Notes on This Week’s Scripture Reading: 1 Corinthians 11:17-26, 34
Scholars have long wondered why the apostle Paul had so little to say about the historical Jesus. In Galatians 4:4-5, Paul writes that Jesus was “born of a woman, born under the law [of Moses], in order to redeem those who were under the law” (i.e., Jews). Elsewhere, Paul notes that Jesus was a descendant of David (Rom. 1:3); he had a brother named James who, after Jesus’ death, was a “pillar” of the Jerusalem Church (Gal. 1:19); and he had a close-knit group of disciples that Paul calls “the twelve” (1 Cor. 15.5). Paul of course knew that Jesus was handed over and crucified (1 Cor. 1:23) and believed that Jesus was killed at the instigation of the Jews (1 Thess. 2:14-16). But that’s about all. Nothing about Jesus’ birth or his temptation in the wilderness. No indication that Jesus told parables or raised the dead. Nothing about Jesus cleansing the Temple or his trial before Pilate.
Paul also says little about Jesus’ teachings—with one significant exception: Jesus’ sayings at the Last Supper. The scene that Paul depicts in 1 Corinthians 11:22-24—the earliest known reference to the Last Supper—resembles (with some interesting differences) the scenes described in Mark 14, Matthew 26, and Luke 22. In all four, the bread Jesus breaks is said to be his body and the cup he offers the disciples represents “the new covenant”—an allusion to Jeremiah 31:31-34, written roughly 600 years before Jesus was born. The passage in 1 Corinthians 11, however, differs in telling ways from the parallel passages in the Synoptic gospels. In Matthew, for example, the bread and cup carry a Christological significance that is muted, if present at all, in 1 Corinthians 11. In Matthew’s narrative, Jesus’ blood is “poured out … for the forgiveness of sins” (26:28). This is so because Jesus came to “give his life as a ransom for many” (20:28). In 1 Corinthians 11, by contrast, Jesus’ simple and plaintive request is that the disciples drink and eat in “remembrance” of him. For Paul, the significance of the cup and bread is primarily ethical: since the Lord’s Supper is about remembering and “[proclaiming] the Lord’s death until he comes,” Paul’s followers are expected to eat and drink in a worthy manner or else they “eat and drink judgment against themselves” (11:29). (In the NIV, Paul warns that those who behave dishonorably are “guilty of sinning against the body and blood of the Lord.”)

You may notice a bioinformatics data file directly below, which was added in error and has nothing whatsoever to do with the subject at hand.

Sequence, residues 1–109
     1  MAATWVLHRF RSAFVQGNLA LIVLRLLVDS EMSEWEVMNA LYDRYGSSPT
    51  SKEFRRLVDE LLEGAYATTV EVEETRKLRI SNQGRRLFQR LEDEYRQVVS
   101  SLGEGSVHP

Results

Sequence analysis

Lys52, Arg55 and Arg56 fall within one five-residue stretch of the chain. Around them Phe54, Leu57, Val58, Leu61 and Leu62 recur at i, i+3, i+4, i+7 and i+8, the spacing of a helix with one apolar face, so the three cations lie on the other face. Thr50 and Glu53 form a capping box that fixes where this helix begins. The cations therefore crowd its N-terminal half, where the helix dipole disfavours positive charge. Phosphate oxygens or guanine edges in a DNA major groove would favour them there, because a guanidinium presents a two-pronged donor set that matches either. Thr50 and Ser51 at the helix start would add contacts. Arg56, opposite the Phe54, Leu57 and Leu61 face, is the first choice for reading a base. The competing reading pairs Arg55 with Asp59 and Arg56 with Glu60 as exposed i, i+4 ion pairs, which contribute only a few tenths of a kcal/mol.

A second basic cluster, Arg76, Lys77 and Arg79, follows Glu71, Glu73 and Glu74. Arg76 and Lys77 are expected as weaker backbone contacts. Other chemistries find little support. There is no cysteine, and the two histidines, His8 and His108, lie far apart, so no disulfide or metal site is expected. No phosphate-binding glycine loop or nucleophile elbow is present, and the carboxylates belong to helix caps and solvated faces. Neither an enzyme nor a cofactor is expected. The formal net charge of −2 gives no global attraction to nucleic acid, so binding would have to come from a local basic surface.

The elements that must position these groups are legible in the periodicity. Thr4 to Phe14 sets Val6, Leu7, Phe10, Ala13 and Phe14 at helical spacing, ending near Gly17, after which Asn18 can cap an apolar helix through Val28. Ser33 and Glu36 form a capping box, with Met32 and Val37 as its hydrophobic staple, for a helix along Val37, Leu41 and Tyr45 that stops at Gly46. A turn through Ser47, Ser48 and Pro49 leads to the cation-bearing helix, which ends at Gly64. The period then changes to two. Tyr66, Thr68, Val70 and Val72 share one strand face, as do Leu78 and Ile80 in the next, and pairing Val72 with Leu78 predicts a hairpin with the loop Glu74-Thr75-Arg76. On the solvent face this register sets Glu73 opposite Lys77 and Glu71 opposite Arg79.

The sayings attributed to Jesus in the Synoptic gospels and 1 Corinthians are absent from the Last Supper scene in the gospel of John, written about forty years after 1 Corinthians. There are, however, comparable references to Jesus’ “flesh” and “blood” in John 6. Here, Jesus tells those gathered around him, “I am the living bread that came down from heaven…. Those who eat my flesh and drink my blood have eternal life, and I will raise them up on the last day” (6:54-58). No longer are the bread and cup about “remembrance” or even “forgiveness of sins.” Instead they represent the belief of the Johannine community that Jesus was “the Word [that] became flesh” (1:14), the Messiah and the Son of God, and that only through “believing” were salvation and eternal life possible (20:31).
Adult Christian Education Team
Last Week’s Scripture: 2 Corinthians 8:1-15